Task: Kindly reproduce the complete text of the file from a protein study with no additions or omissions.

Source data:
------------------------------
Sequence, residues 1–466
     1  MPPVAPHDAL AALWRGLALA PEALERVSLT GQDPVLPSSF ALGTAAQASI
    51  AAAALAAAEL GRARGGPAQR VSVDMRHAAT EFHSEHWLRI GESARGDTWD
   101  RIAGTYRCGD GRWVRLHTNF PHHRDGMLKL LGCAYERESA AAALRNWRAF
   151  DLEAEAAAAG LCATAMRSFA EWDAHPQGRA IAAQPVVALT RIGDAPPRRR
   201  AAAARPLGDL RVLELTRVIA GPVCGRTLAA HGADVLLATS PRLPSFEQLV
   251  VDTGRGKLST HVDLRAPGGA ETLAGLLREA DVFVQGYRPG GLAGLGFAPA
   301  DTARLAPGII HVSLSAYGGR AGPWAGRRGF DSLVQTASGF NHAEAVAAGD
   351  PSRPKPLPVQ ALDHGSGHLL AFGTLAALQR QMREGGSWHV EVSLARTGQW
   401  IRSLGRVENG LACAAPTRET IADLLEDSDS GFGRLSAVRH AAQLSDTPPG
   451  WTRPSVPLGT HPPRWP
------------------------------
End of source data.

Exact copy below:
Sequence, residues 1–466
     1  MPPVAPHDAL AALWRGLALA PEALERVSLT GQDPVLPSSF ALGTAAQASI
    51  AAAALAAAEL GRARGGPAQR VSVDMRHAAT EFHSEHWLRI GESARGDTWD
   101  RIAGTYRCGD GRWVRLHTNF PHHRDGMLKL LGCAYERESA AAALRNWRAF
   151  DLEAEAAAAG LCATAMRSFA EWDAHPQGRA IAAQPVVALT RIGDAPPRRR
   201  AAAARPLGDL RVLELTRVIA GPVCGRTLAA HGADVLLATS PRLPSFEQLV
   251  VDTGRGKLST HVDLRAPGGA ETLAGLLREA DVFVQGYRPG GLAGLGFAPA
   301  DTARLAPGII HVSLSAYGGR AGPWAGRRGF DSLVQTASGF NHAEAVAAGD
   351  PSRPKPLPVQ ALDHGSGHLL AFGTLAALQR QMREGGSWHV EVSLARTGQW
   401  IRSLGRVENG LACAAPTRET IADLLEDSDS GFGRLSAVRH AAQLSDTPPG
   451  WTRPSVPLGT HPPRWP